Kelly arranged the sixty–four square panels of the grid in an arbitrary sequence, likening his method to the "the work of a bricklayer." Using squares of commercial colored paper left over from a previous series of collages, he first made a study for Colors for a Large Wall. Then he precisely matched the hues of the papers with oil paint, and arranged the final, full–size panels in strict adherence to the paper study.
Gallery label from 2006.
"I have never been interested in painterliness," Kelly has said, using painterliness to mean "a very personal handwriting, putting marks on a canvas." There is no personal handwriting, nor even any marks as such, in Colors for a Large Wall, which comprises sixty-four abutting canvases, each the same size (a fraction under a foot square) and each painted a single color. Not even the colors themselves, or their position in relation to each other, could be called personal; Kelly derived them from commercial colored papers, and their sequence is arbitrary. Believing that "the work of an ordinary bricklayer is more valid than the artwork of all but a very few artists," he fused methodical procedure and a kind of apollonian detachment into a compositional principle. As a serial, modular accumulation of objects simultaneously separate and alike, Colors for a Large Wall anticipated the Minimalism of the 1960s, but it is unlike Minimalism in the systematic randomness of its arrangement, which is founded on chance. Produced at the height of Abstract Expressionism (but quite independently of it, since Kelly had left New York for Paris), the work also has that art's mural scale, and Kelly thought deeply about the relationship of painting to architecture; but few Abstract Expressionists could have said, as he has, "I want to eliminate the 'I made this' from my work."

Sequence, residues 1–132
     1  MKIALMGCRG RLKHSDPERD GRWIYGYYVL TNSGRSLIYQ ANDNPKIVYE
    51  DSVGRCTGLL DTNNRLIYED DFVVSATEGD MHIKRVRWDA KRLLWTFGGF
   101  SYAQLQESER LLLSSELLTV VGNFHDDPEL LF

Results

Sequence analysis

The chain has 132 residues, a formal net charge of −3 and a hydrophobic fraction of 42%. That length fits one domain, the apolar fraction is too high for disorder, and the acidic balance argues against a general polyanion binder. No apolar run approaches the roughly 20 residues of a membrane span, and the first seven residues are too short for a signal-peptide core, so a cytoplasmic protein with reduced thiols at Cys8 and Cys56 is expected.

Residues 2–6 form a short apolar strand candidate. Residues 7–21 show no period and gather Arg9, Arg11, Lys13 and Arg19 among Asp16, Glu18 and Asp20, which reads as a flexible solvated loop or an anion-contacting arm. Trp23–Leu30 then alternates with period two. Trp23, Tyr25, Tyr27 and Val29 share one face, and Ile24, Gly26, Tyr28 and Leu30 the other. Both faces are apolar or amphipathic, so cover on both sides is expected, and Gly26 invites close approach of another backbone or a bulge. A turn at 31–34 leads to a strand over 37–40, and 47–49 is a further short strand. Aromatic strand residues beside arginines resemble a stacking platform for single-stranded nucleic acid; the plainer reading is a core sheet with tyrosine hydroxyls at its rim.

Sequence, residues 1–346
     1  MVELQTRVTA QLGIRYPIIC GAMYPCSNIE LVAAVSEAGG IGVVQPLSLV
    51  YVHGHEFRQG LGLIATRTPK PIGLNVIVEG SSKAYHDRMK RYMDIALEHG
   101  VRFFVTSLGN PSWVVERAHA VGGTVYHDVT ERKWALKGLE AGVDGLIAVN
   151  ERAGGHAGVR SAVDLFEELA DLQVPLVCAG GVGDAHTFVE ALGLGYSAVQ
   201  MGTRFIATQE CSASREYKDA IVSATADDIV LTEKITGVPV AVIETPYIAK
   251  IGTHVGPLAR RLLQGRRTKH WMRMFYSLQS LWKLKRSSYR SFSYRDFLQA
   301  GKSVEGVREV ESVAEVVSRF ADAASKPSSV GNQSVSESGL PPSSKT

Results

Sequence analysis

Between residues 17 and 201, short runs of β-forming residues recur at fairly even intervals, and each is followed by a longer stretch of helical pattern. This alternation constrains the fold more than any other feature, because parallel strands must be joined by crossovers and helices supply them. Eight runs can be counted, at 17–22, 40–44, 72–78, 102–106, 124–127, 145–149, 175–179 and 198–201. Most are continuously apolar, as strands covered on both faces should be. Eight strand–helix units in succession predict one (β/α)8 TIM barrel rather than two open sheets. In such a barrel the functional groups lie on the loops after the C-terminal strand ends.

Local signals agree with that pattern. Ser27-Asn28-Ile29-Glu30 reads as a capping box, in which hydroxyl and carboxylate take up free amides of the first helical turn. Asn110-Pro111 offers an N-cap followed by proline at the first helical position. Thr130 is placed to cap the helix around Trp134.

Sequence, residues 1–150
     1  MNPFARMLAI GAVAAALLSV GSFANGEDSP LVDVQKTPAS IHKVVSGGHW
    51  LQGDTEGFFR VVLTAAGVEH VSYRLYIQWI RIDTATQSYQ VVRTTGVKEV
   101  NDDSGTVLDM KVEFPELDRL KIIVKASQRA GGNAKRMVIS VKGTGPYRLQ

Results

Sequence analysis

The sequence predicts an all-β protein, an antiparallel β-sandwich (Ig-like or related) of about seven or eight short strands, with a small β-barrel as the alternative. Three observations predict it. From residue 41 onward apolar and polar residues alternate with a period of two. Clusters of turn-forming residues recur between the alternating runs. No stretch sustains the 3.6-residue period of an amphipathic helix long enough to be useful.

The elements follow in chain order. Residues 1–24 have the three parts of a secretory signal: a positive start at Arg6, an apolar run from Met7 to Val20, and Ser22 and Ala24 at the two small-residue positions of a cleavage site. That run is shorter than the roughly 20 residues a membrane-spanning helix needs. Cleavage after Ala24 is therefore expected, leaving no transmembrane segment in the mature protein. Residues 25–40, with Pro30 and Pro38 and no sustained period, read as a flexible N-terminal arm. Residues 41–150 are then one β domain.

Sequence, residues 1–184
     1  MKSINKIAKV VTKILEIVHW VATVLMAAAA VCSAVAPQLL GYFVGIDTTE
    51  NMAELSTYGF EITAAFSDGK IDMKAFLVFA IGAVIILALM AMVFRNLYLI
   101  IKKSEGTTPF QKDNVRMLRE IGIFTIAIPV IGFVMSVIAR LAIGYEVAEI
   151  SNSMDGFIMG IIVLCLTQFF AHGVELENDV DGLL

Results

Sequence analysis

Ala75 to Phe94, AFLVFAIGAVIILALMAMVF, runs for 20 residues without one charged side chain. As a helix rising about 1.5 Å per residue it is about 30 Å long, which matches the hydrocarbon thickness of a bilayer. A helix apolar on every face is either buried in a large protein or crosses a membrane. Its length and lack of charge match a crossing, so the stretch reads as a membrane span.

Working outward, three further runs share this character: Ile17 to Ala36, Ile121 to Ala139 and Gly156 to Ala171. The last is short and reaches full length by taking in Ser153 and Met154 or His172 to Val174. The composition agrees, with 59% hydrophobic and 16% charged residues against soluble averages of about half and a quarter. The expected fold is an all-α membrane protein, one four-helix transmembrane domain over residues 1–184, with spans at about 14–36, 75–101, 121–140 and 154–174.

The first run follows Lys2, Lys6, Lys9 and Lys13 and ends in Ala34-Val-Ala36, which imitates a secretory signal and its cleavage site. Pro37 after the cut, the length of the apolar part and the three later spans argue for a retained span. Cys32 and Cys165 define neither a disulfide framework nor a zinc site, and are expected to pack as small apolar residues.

Publication excerpt from The Museum of Modern Art, MoMA Highlights, New York: The Museum of Modern Art, revised 2004, originally published 1999, p. 211.